When True Crime Meets Crime Fiction: A Bibliographical Mystery

The Osgoode Library recently acquired for its Trials special collection in the Canada Law Book Rare Room copies of the following publication:

Life and Confession of Sophia Hamilton Who Was Tried, Condemned and Sentenced to be Hung at [name of city] for the Perpetration of the Most Shocking Murders and Daring Robberies Perhaps Recorded in the Annals of Crime / Carefully Selected by the Author, William H. Jackson. Printed for the Publisher, 1845.

Sophia Hamilton at Work

This is a most interesting and confusing little publication. Here at Osgoode we were fortunate to obtain copies of both extant Canadian editions of this work, one published in Montreal and the other in Fredericton, both in 1845. Both editions are rare, especially the Fredericton edition. More interesting, however, is the fact that the person and crimes described in both editions are completely bogus and fictional. In the Montreal edition, the evil Sophia owned and operated out of a cottage tavern located in La Prairie, “a neat village about nine miles south of Montreal”, where she fleeced and murdered some of her more affluent guests, as well as a few witnesses to her crimes, for which she was tried and hung in Montreal on 22 January 1845. The Fredericton edition claims that her inn was located in Woodstock, New Brunswick, while she was tried, condemned and executed for her avaricious thefts and 10 murders in Fredericton on 8 April 1845. Other than these details, the text (though not the typsetting) of both editions is identical.

An article from the University of New Brunswick Faculty of Arts alerts readers to the fact that Sophia Hamilton is in fact a fictional character, but misses the bibliographical interest that her fictional misdeeds were recorded in two different cities in two separate imprints.

The earliest edition of this work, however, seems to have been printed in New York. A dgitized copy, from the Cornell University Library, can be viewed here. In this edition, Sophia was hung in Montreal on the 25th of November, 1844, two months before the Montreal edition saw her go. The illustration on the title-page is also different from the Montreal and Fredericton editions. The title-page illustration in the Canadian editions shows Sophia with one of her murdered victims lying on the floor, while the New York edition shows her in the act of making her confession. This latter illustration is rendered further in the text in the Canadian editions. (The image above is from the Osgoode copy of the Montreal edition.)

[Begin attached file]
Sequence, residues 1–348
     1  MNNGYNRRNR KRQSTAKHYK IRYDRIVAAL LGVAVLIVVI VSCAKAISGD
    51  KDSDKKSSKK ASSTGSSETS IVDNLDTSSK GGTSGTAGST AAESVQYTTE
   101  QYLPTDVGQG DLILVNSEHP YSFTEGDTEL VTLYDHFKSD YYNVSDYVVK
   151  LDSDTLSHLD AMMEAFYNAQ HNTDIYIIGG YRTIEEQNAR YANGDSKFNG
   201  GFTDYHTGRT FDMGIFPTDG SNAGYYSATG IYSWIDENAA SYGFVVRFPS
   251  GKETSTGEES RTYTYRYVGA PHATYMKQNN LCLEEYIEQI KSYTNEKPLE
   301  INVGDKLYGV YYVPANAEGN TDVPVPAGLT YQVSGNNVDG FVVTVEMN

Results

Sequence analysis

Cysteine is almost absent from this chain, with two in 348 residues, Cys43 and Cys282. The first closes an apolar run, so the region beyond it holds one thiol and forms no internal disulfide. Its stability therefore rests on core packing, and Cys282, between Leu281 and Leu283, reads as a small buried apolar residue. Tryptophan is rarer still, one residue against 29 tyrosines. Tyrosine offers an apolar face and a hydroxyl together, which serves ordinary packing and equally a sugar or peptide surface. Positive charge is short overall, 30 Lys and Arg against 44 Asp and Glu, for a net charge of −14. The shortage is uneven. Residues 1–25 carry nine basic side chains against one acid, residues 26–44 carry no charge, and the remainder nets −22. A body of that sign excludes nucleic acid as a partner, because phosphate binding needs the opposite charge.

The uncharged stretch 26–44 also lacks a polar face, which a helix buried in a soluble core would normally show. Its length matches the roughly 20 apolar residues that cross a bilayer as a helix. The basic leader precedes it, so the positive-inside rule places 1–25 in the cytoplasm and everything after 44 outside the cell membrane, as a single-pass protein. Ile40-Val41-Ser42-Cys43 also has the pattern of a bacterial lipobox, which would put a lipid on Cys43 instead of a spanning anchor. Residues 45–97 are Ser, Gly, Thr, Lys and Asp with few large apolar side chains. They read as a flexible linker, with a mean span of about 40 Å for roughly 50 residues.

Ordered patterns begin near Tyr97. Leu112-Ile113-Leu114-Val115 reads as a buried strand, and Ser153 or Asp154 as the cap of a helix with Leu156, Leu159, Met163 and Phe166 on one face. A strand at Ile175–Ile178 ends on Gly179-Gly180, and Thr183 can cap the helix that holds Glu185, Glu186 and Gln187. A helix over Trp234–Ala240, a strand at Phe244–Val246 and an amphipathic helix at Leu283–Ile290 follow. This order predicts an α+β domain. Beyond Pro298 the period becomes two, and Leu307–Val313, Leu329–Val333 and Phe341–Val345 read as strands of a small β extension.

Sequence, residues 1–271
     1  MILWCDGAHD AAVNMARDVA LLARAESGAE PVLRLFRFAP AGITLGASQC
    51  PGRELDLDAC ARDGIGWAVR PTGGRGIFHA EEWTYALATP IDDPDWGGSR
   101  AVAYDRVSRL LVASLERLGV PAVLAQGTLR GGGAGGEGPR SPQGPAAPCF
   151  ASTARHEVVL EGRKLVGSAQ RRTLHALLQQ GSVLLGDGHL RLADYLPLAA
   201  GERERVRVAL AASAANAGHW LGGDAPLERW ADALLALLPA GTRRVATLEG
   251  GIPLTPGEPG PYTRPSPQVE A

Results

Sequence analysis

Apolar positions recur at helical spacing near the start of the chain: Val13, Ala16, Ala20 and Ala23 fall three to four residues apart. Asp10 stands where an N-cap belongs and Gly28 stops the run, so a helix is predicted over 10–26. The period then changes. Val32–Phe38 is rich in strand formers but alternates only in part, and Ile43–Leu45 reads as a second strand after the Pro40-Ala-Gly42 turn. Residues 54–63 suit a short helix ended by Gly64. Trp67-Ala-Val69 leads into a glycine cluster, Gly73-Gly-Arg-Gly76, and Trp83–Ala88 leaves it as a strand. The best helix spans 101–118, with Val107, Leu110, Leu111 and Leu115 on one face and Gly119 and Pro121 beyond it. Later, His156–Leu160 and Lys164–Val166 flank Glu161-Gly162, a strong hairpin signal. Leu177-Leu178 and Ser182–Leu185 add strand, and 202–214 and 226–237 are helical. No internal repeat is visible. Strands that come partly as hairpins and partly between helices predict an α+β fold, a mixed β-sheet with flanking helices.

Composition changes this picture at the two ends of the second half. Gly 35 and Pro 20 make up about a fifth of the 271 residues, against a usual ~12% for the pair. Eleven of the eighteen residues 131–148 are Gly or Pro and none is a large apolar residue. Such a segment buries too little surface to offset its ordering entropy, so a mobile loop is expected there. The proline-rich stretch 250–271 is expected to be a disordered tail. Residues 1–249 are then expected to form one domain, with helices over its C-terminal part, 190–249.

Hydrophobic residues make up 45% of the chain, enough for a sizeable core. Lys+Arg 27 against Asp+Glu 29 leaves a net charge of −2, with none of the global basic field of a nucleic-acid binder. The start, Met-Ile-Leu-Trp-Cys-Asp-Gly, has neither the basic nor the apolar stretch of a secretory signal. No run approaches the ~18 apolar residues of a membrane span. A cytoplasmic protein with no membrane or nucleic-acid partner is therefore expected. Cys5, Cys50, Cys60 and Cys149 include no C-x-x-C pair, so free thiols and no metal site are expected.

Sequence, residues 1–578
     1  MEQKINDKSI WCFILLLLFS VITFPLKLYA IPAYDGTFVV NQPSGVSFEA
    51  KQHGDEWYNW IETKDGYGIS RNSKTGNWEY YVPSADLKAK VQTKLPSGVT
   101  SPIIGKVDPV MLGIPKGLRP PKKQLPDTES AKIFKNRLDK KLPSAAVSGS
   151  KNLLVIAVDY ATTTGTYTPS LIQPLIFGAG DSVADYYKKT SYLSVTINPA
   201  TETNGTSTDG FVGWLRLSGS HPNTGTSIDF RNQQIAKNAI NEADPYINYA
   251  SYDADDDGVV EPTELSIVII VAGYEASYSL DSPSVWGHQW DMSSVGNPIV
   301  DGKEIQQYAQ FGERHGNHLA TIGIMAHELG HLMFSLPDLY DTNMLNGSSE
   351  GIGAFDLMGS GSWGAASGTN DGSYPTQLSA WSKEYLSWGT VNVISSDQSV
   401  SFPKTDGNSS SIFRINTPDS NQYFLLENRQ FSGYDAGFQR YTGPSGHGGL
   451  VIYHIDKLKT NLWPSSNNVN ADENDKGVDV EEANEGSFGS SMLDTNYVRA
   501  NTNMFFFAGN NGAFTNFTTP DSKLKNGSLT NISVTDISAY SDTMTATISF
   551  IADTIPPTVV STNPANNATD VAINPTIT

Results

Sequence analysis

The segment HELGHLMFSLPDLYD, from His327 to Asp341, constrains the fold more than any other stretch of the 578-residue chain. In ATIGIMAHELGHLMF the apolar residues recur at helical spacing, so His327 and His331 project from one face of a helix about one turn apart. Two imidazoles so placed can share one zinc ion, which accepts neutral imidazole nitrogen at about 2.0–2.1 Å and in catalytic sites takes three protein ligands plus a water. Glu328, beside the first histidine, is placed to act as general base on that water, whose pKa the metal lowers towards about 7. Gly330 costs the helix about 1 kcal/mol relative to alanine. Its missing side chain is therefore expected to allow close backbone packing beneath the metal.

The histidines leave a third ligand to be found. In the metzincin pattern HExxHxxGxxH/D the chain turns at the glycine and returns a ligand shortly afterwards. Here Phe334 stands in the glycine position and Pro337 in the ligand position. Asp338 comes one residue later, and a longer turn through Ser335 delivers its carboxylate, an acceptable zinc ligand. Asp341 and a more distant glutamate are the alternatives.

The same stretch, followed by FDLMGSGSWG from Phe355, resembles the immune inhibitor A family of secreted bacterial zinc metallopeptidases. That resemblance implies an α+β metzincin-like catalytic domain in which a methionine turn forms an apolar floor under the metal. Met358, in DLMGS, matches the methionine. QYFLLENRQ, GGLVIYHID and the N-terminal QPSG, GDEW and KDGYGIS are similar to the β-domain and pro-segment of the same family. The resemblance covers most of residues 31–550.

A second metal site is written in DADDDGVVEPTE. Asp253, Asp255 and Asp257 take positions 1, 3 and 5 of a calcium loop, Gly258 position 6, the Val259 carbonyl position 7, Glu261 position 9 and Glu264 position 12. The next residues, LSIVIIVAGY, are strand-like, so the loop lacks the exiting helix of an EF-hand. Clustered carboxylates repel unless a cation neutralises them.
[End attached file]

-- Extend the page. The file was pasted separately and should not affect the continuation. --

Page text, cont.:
The Catalogue of Law Trials [from] the Collection of the late E.B. Wynn, of Watertown, N.Y. [To be sold at auction] February 7th to 11th, 1893 (New York, 1892), which can be viewed on the Hathi Trust here, records copies of both the Montreal and Fredericton (but not the New York) editions of the work. This catalogue claims that Sophia committed her crimes in Fredericton but was tried, condemned and hung in Montreal. Wrong again!

You can read the Montreal edition of the pamphlet, from the collection of the Boston Public Library, on the Internet Archive here. A copy of the Fredericton edition, seemingly published a few months later, from the collection of the National Library of Canada, is available on the Internet Archive here.